Educators: Do You Know About Using Effective District Leadership as an Education Reform Strategy?

Highly functional systems are the product of highly functional leadership. For most schools, leadership comes in the form of district command.

However, until recently, there was very little evidence regarding effective leadership and how it functions at the school, district, and state levels. Now evidences indicates that leadership in education is vital to reform efforts. Leadership is a bridge that crosses the divide, enabling teachers to approach reform from the front line of learning. While teachers are naturally vital for education, school principals and district superintendents are advantaged by being able to construct the vision and expectations needed to deliver better teaching and learning experiences. They have the position and capability to enable everyone involved in the education system to realize that vision.

To get the leaders we want and need in every school, it’s not enough to improve their training, as urgent as that is. State and district officials also need to provide the conditions for and set out the expectations of what leaders need to know, and the actions they need to take to improve both teaching and learning. These standards should form the basis for holding leaders accountable for results. On the other hand, leaders should have the data available to inform their decisions and the authority needed to direct resources to schools and students with the greatest needs. All districts should establish policies that not only affect the recruitment, hiring, and placement of school leaders but also are explicit for evaluating leaders.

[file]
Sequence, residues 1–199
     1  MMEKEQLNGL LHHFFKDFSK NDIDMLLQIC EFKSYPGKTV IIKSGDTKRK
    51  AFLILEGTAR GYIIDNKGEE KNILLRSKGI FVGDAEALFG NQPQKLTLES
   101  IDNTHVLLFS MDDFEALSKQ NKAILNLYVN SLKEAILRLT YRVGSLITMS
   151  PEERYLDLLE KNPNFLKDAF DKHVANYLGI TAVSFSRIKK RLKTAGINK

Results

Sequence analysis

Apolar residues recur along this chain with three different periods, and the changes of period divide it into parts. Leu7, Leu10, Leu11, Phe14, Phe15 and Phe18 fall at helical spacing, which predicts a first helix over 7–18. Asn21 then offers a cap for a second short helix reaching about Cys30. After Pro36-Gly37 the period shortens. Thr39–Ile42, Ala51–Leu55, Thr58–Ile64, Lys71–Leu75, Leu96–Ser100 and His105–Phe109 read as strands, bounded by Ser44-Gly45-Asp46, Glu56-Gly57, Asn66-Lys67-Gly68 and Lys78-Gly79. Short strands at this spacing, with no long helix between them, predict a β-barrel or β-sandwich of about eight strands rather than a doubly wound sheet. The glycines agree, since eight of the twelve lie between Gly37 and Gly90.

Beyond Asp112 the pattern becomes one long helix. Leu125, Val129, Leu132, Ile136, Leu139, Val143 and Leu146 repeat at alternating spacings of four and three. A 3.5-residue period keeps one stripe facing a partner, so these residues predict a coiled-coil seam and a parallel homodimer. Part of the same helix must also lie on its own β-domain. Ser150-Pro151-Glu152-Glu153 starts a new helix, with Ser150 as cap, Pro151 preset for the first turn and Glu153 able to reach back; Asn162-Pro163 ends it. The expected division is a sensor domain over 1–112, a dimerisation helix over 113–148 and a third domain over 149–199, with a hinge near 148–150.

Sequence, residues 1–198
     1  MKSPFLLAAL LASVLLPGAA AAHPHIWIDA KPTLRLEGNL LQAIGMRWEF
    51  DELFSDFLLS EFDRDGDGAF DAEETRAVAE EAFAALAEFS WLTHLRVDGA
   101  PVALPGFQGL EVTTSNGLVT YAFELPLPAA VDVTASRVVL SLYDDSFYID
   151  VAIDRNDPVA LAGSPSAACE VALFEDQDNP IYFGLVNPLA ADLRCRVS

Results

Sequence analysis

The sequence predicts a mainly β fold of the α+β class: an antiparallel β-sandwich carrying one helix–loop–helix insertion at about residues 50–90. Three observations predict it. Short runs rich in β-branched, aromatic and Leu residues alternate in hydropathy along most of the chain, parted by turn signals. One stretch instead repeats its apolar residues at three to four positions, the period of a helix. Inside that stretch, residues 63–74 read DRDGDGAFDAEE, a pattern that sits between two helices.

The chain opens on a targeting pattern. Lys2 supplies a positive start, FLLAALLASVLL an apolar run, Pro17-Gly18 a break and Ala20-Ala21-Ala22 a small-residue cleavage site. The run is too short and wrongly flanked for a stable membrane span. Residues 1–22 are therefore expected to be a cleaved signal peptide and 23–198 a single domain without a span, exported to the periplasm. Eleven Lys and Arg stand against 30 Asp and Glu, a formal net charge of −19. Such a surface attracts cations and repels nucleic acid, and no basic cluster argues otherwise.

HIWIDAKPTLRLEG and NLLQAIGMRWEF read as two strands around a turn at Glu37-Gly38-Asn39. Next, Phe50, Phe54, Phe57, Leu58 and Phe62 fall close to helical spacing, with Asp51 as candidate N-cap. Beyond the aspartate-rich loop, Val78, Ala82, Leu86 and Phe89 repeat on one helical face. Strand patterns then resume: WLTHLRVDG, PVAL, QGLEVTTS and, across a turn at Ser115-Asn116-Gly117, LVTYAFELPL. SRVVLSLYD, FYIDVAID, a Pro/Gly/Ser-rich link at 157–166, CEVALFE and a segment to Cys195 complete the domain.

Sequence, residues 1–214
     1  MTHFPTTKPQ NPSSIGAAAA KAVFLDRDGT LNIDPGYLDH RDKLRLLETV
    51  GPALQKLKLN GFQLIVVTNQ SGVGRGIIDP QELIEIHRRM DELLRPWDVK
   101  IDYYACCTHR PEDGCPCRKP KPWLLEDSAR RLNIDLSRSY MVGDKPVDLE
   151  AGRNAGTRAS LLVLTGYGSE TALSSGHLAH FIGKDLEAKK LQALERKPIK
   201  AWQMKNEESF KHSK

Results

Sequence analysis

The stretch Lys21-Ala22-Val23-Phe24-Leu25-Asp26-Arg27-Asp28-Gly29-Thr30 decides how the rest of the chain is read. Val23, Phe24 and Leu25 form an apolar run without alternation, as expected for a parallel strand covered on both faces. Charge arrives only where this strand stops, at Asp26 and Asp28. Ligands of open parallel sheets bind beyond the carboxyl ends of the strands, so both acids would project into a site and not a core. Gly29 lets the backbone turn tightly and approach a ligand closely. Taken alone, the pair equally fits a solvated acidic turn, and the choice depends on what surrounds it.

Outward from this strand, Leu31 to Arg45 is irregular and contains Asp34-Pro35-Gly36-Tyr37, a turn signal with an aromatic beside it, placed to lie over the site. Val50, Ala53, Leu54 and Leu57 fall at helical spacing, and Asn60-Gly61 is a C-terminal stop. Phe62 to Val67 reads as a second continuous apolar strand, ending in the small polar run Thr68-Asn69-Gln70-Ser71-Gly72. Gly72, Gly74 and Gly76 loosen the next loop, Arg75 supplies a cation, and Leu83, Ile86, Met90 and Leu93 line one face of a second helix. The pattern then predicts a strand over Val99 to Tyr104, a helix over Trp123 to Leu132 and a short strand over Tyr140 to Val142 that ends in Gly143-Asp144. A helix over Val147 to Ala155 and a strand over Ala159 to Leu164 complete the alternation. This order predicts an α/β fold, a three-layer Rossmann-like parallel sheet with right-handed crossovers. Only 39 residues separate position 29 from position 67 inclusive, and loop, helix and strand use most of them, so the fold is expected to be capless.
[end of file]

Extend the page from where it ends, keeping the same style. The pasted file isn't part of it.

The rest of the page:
Each of these core elements for better educational leadership is crucial. And it is equally important that states and districts work together more closely to create more supportive leadership standards, training, and work conditions—to create a cohesive leadership system. Rather than engaging in isolated or uncoordinated efforts on single elements of leadership improvement, collective action by states and districts is the most likely pathway to lasting change throughout the system. Such collaboration has not been the historic norm in education policy.

Efforts at state–district policy coordination remain relatively new and are yielding both early successes and cautionary lessons about the challenges of maintaining the momentum of positive change. Look around ask yourself – is your district effectively leading your school into an era of educational progress?

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